Question for any dealers

Discussion in 'General Discussion' started by RunningOnMT, Jun 29, 2012.

  1. RunningOnMT

    RunningOnMT New Member

    Nov 19, 2008
    Akron, Ohio
    I'm just curious, is there any way to trace a history of owners for a used firearm? The reason I ask is because it seems dealers sometimes don't seem willing to allow as much on trade if you bought your gun used rather than new. To give an example, Say you buy a used firearm that a store sells new for $600.00. You pay $500.00 because it's pre owned but it doesnt even appear to be fired. Now say you put 50 rds through it, and while there is nothing wrong with it, you decide for whatever reason you'd prefer something else. Now as far as wear and tear the gun is still like new with no evidence of ever having been fired. So you go back to that dealer or another one to trade. Now there's another big bump off the price. Only now it's significantly less than the gun is worth because they are going off what you paid, not what it originally sold for, though it's no worse for wear having been owned by two different people. So maybe now the value is down to $375.00 for a $600.00 gun. I've seen it happen and I've actually been asked when trading, "Where did you buy it?" and "How much did you pay?". Both questions I believe are irrelevant and none of their business. So, if I don't answer those questions, can they still find out?
  2. Double D

    Double D Administrator Staff Member Supporting Member

    Jul 16, 2009
    North Florida
    No. Not that I am aware of. And, I have never asked anyone those questions when they are trading in a gun. I look at condition and I look up blue book value and I look up what I pay for it new and I make an offer. As long as I can make 35 bucks or so on the gun I am good. I always try to be as fair as possible. I dont care what you paid or where you bought it as long as I know its not hot.

  3. RunningOnMT

    RunningOnMT New Member

    Nov 19, 2008
    Akron, Ohio
    Thanks Dan. That's how it should be done. Guys like you are scarce in these parts.
  4. hjsmith00843

    hjsmith00843 Member

    Jun 23, 2012
    Myrtle Beach SC.
    Instead of carfax we could come up with Gunfax. Umm let me go trade mark that idea. No one steal my idea... J/k
  5. goofy

    goofy Well-Known Member

    Feb 7, 2011
    I'm with Dan on this.
    You just have to remember that you wont get the price for it that you paid because the dealer has to make something so he has to figure out what he would sell it for then offer you less and if he not a ripoff it will not be much less then his selling price.between $25-$50 depending on the gun.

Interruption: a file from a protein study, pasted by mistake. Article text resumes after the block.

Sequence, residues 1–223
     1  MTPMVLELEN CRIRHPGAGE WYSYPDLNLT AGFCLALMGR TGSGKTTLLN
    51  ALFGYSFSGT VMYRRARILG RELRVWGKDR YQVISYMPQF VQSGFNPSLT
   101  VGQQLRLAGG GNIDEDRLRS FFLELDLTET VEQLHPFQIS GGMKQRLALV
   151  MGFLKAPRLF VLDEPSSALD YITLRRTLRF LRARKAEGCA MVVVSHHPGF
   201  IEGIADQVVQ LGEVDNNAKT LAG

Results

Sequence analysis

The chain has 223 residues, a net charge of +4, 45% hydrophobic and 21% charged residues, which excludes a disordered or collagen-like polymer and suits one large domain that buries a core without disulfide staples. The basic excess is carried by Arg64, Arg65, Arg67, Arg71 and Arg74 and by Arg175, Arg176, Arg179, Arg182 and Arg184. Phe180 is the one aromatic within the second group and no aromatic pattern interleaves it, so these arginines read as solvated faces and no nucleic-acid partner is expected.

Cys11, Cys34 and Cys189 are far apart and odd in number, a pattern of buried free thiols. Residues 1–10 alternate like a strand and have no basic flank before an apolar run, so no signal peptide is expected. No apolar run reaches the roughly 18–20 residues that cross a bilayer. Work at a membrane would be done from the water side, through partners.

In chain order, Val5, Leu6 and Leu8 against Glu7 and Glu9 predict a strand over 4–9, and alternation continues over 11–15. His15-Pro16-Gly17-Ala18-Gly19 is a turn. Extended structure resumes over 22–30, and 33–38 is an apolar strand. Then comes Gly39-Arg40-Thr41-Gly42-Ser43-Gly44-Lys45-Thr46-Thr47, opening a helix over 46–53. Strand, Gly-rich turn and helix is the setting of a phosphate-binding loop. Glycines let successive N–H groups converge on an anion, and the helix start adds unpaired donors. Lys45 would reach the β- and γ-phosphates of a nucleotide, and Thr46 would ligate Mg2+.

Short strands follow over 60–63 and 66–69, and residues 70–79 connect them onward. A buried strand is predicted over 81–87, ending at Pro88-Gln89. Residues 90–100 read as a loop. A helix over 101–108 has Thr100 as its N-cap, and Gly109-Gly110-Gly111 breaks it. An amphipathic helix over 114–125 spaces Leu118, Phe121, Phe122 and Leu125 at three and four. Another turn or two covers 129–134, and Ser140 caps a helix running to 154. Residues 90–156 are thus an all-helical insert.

6. Hammerslagger

    Hammerslagger New Member

    Jul 30, 2009
    As to the immediate question about tracing a firearm's ownership history asked in post #1; in most states the answer will be "No". There is a Federal government mandated paper trail for all firearms from manufacturer (or importer) to first retail buyer. In some states, with restrictive gun laws, there is a state level statutory paper trail (registration) for some (or possibly all) types of firearms at the first sale from dealer to consumer, and for all sales or transfers thereafter. However, such records are normally searchable only by law enforcement persons acting on official business, and not by private persons seeking information under any Freedom of Information Statute.

    Probably, most of the 50 states have no state or local level requirement for any kind of record keeping for the sale or transfer of most shotguns and rifles. More states regulate and track private handgun sales and ownership; but, again, most states probably do not do so. In some states, it is actually illegal for any state or local government agency to keep any records on private firearms ownership. {For example: Florida, unless something has changed very recently}

    Now, as to the concern (question) about what a dealer is willing to pay for a used gun. A dealer needs to buy all inventory items at a price that is low enough so that he can resell it at a reasonable profit, in a reasonable amount of time. Otherwise, he/she cannot pay expenses like taxes, utilities, wages, etc. It really does not matter what the inventory item is. You need to sell it in a reasonable amount of time and make a reasonable profit on it.

    Even a smart private buyer, buys a used gun at a price that does not exceed what he/she thinks he/she can resell for in the future.

    I worked in the gun business for over 30 years. Then and now, the only thing that normally concerns me about a gun, that I consider buying, is its physical condition is, and its relative marketability. These two things are all that I normally consider to determine the price that I am willing to pay.

    An in great demand, hard to find or get gun that is in strictly NRA "Very Good" to "Perfect" condition will get me to offer a greater percentage of its original retail price or current average selling or "Blue Book" price. A gun that there is little buyer demand for, and/or that is in just NRA "Good" to "Poor" condition will get a much lower offer as a percent of its original or likely selling price, because I do not like loosing money or taking forever to be able to sell any item.

    Usually, a firearm's ownership history was and is of absolutely no interest to me, unless something provable, beyond any reasonable doubt, in a courtroom, about its ownership history made it more valuable. {For example: a gun once owned by someone like Annie Oakley or Bat Masterson would command a premium price.}

    Hope this is informative.
    Last edited: Jun 29, 2012
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